Hide
          Vijay added a comment -

          Hi Jonathan, i pushed it to https://github.com/Vijay2win/cassandra/tree/4705-v4 let me know i can also rebase, Thanks!

          Show
          Vijay added a comment - Hi Jonathan, i pushed it to https://github.com/Vijay2win/cassandra/tree/4705-v4 let me know i can also rebase, Thanks!
          Hide
          Jonathan Ellis added a comment -

          Can you rebase or publish github branch?

          Show
          Jonathan Ellis added a comment - Can you rebase or publish github branch?
          Hide
          Vijay added a comment -

          Hi Jonathan, I think the attached patch covers all the previous concerns, except the timeout to be in micros. I created #5014 to convert the timeouts to be microseconds. Thanks!

          Show
          Vijay added a comment - Hi Jonathan, I think the attached patch covers all the previous concerns, except the timeout to be in micros. I created #5014 to convert the timeouts to be microseconds. Thanks!
          Hide
          Jonathan Ellis added a comment -

          Okay, let's leave UpdateSampleLatencies alone (although as style I'd prefer to inline it as an anyonymous Runnable).

          Thinking more about the core functionality:

          • a RetryType of "one pre-emptive redundant data read" would be a useful alternative to ALL. (If supporting both makes things more complex, I would vote for just supporting the single extra read.) E.g., for a CL.ONE read it would perform two data reads; for CL.QUORUM it would perform two data reads and a digest read. Put another way, it would do the same exta data read Xpercentile would, but it would do it ahead of the threshold timeout.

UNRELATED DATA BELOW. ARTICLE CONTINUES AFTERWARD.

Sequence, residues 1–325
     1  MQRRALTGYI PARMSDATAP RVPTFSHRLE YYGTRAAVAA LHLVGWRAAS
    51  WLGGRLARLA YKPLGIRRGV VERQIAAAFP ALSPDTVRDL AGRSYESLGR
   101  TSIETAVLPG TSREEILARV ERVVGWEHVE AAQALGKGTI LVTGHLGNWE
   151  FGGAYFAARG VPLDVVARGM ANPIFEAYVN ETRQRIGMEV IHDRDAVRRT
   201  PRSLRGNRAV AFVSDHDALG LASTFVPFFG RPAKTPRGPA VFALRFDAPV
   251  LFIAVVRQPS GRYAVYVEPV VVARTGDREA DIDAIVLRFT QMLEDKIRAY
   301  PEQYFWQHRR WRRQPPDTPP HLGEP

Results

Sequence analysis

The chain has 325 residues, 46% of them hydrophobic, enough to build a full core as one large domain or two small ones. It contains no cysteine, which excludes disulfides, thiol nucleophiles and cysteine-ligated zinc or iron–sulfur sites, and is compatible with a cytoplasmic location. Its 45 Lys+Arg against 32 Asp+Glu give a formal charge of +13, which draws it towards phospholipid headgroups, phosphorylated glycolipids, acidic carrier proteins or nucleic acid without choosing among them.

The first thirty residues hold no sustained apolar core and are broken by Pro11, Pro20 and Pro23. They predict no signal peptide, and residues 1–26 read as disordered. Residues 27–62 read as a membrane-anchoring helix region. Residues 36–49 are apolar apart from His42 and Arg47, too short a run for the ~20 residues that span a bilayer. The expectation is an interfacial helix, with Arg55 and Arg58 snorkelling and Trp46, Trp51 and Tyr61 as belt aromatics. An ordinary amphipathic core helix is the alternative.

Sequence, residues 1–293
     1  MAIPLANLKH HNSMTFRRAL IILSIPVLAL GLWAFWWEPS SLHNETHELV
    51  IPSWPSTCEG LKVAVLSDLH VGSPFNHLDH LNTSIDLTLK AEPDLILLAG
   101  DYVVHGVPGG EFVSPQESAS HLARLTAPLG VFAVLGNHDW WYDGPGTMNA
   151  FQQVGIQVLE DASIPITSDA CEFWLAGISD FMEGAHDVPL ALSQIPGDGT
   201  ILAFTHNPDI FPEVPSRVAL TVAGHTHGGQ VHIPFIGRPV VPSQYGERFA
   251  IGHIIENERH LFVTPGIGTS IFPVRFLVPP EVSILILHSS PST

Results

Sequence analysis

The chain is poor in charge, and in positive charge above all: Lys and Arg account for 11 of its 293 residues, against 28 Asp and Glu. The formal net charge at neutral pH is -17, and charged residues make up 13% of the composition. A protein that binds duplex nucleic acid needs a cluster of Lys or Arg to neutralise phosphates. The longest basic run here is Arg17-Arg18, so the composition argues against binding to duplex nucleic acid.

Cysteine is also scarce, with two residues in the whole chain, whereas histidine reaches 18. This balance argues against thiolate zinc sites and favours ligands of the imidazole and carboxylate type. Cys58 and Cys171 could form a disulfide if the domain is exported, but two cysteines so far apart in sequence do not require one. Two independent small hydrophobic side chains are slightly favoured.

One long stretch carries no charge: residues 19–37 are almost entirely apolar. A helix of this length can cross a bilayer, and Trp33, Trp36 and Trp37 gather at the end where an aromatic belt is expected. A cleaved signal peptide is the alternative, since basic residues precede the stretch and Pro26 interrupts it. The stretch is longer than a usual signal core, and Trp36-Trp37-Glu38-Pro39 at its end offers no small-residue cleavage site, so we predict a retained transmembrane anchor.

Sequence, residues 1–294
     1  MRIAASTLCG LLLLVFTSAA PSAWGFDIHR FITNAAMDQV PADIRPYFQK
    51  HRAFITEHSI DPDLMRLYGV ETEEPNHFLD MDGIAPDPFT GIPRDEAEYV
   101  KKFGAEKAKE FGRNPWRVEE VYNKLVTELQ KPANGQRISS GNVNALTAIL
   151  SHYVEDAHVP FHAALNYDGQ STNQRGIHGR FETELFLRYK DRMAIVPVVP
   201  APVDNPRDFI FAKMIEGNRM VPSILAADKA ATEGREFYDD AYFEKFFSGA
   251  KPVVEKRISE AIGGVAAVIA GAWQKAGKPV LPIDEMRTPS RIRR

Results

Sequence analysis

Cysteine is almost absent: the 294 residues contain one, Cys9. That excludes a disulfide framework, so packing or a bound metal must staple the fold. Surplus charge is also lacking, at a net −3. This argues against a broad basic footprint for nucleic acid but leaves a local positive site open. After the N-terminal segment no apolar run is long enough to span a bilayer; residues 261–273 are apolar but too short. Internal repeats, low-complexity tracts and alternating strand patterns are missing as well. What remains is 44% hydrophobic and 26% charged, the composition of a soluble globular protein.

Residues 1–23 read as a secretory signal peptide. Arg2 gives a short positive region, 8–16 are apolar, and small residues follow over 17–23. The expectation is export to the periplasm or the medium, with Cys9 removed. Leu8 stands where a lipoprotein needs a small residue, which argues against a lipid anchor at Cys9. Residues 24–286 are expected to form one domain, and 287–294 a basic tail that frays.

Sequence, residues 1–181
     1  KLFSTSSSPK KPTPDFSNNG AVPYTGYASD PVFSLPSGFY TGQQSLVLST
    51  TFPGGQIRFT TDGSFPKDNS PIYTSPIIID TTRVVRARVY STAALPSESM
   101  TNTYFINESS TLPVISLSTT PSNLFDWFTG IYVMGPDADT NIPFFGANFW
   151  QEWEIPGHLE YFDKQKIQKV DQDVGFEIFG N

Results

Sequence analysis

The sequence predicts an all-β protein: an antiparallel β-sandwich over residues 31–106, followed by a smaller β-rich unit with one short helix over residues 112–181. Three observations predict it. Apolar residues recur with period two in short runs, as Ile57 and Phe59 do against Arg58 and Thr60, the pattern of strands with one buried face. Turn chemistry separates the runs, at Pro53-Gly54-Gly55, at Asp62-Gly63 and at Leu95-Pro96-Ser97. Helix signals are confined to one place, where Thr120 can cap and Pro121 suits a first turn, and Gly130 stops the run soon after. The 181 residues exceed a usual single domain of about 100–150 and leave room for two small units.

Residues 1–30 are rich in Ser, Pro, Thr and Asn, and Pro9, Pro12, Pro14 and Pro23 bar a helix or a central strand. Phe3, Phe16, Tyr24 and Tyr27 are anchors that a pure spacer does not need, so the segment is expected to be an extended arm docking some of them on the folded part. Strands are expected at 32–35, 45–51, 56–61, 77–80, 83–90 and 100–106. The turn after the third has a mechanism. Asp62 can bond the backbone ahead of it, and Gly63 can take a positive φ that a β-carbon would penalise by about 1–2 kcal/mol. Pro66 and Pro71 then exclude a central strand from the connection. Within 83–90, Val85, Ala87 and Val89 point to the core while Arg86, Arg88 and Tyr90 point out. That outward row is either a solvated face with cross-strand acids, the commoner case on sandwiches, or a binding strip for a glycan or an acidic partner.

• ISTM we should continue to use RDR for normal (non-RR) SR reads, and just accept the first data reply that comes back without comparing it to others. This makes the most sense to me semantically, and keeps CL.ONE reads lightweight.
          • I think it's incorrect (again, in the non-RR case) to perform a data read against the same host we sent a digest read to. Consider CL.QUORUM: I send a data read to replica X and a digest to replica Y. X is slow to respond. Doing a data read to Y won't help, since I need both to meet my CL. I have to do my SR read to replica Z, if one exists and is alive.
          • We should probably extend this to doing extra digest reads for CL > ONE, when we get the data read back quickly but the digest read is slow.
          • SR + RR is the tricky part... this is where SR could result in data and digests from the same host. So ideally, we want the ability to compare (potentially) multiple data reads, and multiple digests, and track the source for CL purposes, which neither RDR nor RRR is equipped to do. Perhaps we should just force all reads to data reads for SR + RR [or even for all RR reads], to simplify this.

          Finally,

          • millis may be too coarse a grain here, especially for Custom settings. Currently an in-memory read will typically be under 2ms and it's quite possible we can get that down to 1 if we can purge some of the latency between stages. Might as well use micros since Timer gives it to us for free, right?
          Show